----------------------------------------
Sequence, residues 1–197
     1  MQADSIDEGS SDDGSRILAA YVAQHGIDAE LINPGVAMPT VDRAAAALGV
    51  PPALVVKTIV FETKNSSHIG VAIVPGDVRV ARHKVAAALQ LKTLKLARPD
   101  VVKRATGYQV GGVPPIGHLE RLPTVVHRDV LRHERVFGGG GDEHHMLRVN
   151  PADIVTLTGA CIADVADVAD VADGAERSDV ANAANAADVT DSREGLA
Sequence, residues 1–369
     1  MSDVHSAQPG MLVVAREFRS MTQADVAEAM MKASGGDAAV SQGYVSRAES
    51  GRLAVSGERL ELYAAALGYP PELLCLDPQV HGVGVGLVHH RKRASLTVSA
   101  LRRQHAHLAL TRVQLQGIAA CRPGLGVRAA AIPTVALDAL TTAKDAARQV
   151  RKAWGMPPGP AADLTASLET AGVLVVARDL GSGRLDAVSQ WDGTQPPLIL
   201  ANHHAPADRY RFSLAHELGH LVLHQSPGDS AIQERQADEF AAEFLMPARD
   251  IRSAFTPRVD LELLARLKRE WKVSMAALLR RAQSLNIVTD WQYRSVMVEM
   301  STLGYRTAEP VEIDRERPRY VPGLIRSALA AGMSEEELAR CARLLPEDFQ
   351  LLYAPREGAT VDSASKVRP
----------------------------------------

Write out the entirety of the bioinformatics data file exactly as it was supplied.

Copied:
Sequence, residues 1–197
     1  MQADSIDEGS SDDGSRILAA YVAQHGIDAE LINPGVAMPT VDRAAAALGV
    51  PPALVVKTIV FETKNSSHIG VAIVPGDVRV ARHKVAAALQ LKTLKLARPD
   101  VVKRATGYQV GGVPPIGHLE RLPTVVHRDV LRHERVFGGG GDEHHMLRVN
   151  PADIVTLTGA CIADVADVAD VADGAERSDV ANAANAADVT DSREGLA
Sequence, residues 1–369
     1  MSDVHSAQPG MLVVAREFRS MTQADVAEAM MKASGGDAAV SQGYVSRAES
    51  GRLAVSGERL ELYAAALGYP PELLCLDPQV HGVGVGLVHH RKRASLTVSA
   101  LRRQHAHLAL TRVQLQGIAA CRPGLGVRAA AIPTVALDAL TTAKDAARQV
   151  RKAWGMPPGP AADLTASLET AGVLVVARDL GSGRLDAVSQ WDGTQPPLIL
   201  ANHHAPADRY RFSLAHELGH LVLHQSPGDS AIQERQADEF AAEFLMPARD
   251  IRSAFTPRVD LELLARLKRE WKVSMAALLR RAQSLNIVTD WQYRSVMVEM
   301  STLGYRTAEP VEIDRERPRY VPGLIRSALA AGMSEEELAR CARLLPEDFQ
   351  LLYAPREGAT VDSASKVRP